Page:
Don't break DRM even if it 'threatens lives'
Copyright cartel opposes DMCA exemptions plan
Copyright holders have collectively objected to proposed exemptions to the US Digital Millennium Copyright Act (DMCA) in cases where copyright software causes security and privacy harm. Lawyers for the pigopolists (including the Business Software Alliance, Motion Picture Ass. of America and Recording Industry Ass. of America) also said exceptions that would allow DRM software to be circumvented in hypothetical cases where it "threatens critical infrastructure and potentially endangers lives" might create "uncertainty" in the minds of software developers.
As Ed Felten of Freedom to Tinker puts it, this extraordinary legal argument (page 21-23) means copyright holders want to keep their options open about developing DRM software even when there are doubts about whether it might threaten lives or the systems that underpin the US economy.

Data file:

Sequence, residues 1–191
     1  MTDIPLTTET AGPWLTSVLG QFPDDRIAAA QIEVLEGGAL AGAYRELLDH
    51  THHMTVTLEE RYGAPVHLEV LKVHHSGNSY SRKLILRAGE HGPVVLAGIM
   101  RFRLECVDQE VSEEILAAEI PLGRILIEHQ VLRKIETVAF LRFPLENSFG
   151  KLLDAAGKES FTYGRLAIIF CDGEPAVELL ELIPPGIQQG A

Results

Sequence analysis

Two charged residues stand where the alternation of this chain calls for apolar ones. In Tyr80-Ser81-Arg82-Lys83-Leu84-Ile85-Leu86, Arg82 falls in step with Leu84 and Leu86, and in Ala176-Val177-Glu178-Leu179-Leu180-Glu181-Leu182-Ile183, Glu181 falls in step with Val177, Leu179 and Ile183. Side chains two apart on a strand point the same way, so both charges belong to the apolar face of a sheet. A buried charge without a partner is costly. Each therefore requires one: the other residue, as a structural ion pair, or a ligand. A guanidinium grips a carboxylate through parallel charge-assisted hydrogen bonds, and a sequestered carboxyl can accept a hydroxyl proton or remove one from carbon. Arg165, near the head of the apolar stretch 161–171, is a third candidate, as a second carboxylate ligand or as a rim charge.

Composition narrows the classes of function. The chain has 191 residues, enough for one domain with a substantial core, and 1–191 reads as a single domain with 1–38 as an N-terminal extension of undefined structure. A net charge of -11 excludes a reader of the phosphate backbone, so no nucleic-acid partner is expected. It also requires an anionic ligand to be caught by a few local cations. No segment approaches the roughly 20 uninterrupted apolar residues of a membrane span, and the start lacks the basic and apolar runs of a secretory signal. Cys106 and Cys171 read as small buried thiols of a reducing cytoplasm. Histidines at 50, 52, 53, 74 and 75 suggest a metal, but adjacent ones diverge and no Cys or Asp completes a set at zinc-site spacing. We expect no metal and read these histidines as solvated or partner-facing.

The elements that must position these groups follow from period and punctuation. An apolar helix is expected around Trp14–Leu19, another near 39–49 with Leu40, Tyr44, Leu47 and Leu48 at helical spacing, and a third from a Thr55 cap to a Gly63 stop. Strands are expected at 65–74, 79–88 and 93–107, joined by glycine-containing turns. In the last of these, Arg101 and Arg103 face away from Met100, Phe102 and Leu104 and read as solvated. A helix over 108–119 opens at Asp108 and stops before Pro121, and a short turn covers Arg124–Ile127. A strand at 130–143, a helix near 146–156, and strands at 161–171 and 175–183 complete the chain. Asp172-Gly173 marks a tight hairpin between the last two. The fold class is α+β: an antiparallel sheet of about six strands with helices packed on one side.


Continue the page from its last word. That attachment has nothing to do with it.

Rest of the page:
"In order to protect their ability to deploy this dangerous DRM, they want the Copyright Office to withhold from users permission to uninstall DRM software that actually does threaten critical infrastructure and endanger lives," Felten writes.
Common sense would dictate that copyright holders would ensure DRM systems pose no risk to critical infrastructure or lives before their deployment, of course, but Felten remains unconvinced good sense will enter into the US Copyright Office's deliberations on the pigopolists submission.
The proposed exemptions were put forward by the Computer and Communications Industry Association and the Open Source and Industry Association during the US Copyright Office’s DMCA exemption rule making review process.
"If past rule makings are a good predictor, it’s more likely than not that the Copyright Office will rule in their favour," he said. ®